Highest September temperature since 1911 as 34.4C recorded
One of the strongest findings of climate science is that global warming amplifies the intensity, duration and frequency of extreme heat events. These events occur on multiple time scales, from a single day or week, to months or entire seasons. The signal of climate change is particularly reflected in record-breaking heat waves. Records are more likely to be broken when natural variation runs in the same direction as climate change, in this instance towards hotter weather.
The UK's hottest day of the year so far - and the warmest September day since 1911 - has been recorded in Gravesend, Kent, where it reached 34.4C (93.9F).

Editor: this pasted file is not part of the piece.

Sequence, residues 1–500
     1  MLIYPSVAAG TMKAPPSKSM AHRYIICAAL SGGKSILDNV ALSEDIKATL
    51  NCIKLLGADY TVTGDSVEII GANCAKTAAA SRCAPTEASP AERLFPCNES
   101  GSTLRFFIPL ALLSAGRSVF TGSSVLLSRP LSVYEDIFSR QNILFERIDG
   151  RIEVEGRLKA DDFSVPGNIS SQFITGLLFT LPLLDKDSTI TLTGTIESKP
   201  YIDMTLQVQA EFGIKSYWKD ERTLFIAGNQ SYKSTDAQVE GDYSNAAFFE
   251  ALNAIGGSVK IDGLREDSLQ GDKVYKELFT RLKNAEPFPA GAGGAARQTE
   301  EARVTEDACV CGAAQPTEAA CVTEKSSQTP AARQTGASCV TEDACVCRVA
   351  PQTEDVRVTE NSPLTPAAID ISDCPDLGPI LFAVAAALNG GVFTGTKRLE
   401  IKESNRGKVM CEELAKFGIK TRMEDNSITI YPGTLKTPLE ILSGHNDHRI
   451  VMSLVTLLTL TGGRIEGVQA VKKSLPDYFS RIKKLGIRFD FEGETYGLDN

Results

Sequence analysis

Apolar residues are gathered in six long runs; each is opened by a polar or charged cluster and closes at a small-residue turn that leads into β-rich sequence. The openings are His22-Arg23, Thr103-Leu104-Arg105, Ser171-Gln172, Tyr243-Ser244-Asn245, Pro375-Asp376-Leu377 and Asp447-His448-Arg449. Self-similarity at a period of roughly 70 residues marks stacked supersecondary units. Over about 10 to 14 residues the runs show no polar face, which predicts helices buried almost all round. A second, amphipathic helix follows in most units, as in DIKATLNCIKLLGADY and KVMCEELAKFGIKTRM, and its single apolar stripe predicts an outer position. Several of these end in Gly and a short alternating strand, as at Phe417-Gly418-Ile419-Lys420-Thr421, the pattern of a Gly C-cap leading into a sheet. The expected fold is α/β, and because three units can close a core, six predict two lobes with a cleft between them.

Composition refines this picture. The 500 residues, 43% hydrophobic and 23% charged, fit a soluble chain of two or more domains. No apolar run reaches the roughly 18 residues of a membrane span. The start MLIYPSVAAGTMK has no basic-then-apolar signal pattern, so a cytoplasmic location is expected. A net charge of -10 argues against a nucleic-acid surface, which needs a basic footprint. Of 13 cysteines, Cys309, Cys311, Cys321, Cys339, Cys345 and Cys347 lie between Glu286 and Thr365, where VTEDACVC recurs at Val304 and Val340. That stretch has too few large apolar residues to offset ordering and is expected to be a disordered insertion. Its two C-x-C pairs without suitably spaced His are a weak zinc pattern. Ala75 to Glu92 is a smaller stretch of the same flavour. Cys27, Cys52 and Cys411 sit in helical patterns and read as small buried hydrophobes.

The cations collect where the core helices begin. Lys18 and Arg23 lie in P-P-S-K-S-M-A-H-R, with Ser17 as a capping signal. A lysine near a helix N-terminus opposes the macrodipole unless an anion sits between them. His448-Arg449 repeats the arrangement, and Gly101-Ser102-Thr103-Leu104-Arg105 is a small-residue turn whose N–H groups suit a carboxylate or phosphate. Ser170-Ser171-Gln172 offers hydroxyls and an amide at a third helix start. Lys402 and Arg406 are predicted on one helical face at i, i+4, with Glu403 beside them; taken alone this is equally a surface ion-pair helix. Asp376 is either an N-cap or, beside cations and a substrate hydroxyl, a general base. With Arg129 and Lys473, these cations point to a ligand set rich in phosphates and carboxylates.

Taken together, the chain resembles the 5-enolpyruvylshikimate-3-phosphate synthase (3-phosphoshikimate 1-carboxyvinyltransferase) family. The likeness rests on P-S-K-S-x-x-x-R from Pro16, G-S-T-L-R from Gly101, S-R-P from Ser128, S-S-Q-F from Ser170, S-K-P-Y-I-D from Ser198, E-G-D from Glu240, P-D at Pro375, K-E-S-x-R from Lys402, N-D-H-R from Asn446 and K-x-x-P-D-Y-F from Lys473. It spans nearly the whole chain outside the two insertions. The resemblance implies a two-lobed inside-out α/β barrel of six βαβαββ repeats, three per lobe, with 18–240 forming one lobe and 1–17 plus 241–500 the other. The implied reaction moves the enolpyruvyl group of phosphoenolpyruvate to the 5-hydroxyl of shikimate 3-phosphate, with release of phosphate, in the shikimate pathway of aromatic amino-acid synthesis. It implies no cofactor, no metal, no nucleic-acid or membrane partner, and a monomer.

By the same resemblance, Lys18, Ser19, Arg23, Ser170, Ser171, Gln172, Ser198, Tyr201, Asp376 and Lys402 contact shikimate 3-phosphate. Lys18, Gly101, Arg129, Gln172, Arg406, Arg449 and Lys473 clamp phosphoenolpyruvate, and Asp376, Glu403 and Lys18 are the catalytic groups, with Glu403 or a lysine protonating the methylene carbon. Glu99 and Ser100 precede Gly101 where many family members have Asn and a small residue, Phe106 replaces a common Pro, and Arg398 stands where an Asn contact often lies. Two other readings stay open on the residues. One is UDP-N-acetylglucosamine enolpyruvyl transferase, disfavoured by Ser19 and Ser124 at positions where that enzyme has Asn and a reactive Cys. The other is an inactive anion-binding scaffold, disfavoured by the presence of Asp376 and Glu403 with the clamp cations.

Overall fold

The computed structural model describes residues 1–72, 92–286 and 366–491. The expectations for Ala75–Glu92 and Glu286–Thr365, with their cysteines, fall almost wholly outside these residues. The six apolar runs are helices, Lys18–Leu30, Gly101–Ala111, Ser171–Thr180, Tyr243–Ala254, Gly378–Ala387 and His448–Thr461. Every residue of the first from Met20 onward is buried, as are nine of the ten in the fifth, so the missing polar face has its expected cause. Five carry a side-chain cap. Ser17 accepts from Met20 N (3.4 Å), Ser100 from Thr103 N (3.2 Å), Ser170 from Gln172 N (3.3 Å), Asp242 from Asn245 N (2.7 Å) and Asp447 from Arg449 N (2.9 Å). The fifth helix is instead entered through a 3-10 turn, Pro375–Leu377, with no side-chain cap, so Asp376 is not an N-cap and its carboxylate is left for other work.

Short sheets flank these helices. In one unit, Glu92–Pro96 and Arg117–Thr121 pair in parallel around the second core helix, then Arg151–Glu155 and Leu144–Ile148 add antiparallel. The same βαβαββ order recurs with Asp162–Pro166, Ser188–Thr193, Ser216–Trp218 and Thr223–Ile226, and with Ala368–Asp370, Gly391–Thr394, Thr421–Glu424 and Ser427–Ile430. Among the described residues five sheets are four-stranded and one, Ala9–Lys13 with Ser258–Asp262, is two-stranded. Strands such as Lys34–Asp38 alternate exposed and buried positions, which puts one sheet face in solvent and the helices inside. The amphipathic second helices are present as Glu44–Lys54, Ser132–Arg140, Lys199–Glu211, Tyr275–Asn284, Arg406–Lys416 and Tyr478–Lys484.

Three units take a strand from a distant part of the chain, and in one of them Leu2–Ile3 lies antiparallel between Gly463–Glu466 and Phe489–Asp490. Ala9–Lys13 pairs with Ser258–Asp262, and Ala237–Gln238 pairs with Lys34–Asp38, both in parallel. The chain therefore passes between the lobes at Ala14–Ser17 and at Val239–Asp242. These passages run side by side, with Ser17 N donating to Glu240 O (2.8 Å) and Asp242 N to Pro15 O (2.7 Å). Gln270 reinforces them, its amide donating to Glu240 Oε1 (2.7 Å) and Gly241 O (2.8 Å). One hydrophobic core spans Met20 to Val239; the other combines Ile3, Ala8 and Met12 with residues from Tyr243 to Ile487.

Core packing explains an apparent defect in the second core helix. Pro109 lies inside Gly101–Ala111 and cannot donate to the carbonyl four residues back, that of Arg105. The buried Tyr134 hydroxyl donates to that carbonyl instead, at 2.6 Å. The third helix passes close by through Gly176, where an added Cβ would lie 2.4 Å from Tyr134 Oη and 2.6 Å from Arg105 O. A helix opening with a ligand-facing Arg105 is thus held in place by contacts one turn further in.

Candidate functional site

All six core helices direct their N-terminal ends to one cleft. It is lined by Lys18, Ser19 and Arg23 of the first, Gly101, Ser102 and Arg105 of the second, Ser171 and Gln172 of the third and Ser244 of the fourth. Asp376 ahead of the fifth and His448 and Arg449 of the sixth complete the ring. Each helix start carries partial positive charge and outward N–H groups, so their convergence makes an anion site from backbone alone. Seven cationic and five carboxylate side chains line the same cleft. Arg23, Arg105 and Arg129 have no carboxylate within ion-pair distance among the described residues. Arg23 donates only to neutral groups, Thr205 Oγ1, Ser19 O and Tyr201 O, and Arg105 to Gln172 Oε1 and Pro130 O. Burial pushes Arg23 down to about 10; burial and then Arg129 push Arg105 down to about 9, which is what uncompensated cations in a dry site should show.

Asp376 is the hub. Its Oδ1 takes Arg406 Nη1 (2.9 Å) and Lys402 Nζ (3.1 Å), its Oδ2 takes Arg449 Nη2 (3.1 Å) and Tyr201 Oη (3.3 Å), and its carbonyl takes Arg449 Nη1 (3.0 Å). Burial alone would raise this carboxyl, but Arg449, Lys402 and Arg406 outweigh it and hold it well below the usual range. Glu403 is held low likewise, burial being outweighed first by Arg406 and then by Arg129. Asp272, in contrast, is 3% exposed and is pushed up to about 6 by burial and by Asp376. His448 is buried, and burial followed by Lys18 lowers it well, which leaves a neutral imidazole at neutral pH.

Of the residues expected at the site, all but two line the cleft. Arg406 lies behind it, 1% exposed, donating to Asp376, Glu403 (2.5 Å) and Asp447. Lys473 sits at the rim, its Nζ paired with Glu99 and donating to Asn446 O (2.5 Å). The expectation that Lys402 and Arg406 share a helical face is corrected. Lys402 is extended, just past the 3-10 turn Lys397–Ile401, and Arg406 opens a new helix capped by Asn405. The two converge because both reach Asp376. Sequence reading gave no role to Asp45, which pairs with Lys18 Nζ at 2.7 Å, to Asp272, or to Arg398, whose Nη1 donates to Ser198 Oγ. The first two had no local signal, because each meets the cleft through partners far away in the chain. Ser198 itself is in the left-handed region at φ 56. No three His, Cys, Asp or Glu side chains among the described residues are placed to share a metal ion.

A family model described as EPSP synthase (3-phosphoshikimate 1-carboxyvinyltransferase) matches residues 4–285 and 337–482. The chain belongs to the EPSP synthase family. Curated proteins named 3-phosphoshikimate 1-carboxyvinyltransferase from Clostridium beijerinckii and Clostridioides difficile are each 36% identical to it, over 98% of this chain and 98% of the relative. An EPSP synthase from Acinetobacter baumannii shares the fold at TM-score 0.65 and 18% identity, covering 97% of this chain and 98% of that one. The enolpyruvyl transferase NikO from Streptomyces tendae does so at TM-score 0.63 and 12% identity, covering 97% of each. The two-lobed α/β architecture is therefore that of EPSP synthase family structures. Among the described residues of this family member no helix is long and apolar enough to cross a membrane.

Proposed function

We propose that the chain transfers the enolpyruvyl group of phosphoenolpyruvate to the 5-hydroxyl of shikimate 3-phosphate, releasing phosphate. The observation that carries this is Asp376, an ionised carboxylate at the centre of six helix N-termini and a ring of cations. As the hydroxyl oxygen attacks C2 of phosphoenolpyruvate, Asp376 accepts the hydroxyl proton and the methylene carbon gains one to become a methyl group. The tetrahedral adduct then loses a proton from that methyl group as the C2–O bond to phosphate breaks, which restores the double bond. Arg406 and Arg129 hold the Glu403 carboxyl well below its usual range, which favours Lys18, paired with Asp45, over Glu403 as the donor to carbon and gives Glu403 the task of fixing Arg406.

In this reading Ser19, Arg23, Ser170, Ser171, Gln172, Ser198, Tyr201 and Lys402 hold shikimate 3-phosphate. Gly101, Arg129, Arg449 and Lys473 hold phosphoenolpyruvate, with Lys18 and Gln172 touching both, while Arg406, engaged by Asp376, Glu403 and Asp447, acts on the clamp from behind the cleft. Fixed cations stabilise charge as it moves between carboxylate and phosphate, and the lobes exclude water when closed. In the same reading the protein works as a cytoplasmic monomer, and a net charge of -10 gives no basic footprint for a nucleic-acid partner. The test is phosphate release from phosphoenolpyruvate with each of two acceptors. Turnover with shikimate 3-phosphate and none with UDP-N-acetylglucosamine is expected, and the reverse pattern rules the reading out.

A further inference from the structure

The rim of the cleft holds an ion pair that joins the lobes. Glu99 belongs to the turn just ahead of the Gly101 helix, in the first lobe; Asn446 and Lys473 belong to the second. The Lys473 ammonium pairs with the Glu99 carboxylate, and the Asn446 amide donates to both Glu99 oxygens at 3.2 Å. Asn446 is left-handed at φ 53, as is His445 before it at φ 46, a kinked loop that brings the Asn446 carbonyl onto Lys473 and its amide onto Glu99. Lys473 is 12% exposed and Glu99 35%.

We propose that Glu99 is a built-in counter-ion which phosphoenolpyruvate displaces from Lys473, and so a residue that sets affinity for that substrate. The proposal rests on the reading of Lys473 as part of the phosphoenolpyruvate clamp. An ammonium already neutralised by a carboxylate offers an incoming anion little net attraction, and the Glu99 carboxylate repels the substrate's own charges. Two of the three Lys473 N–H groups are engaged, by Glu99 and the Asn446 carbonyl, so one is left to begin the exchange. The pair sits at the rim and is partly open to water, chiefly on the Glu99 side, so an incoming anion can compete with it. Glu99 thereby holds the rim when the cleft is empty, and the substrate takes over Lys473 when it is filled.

The spell of warm Autumn weather is forecast to continue across parts of England until Friday.
The highest temperature of 2016 had previously been 34.1C, which was reached on 23 August at Faversham in Kent.
The all-time record for September of 35.6C (96.1F) was set in 1906, in Bawtry, South Yorkshire.
Why is it so hot?
Hurricane Hermine, which hit Florida in early September, pushed large kinks into the jet stream - large atmospheric waves which lock our weather patterns in place. For Spain and Portugal, that meant temperatures rising to 10C above average last week.
A large area of high pressure centred over northern Europe has brought southerly winds, which have drawn this warm air northwards, reaching our shores today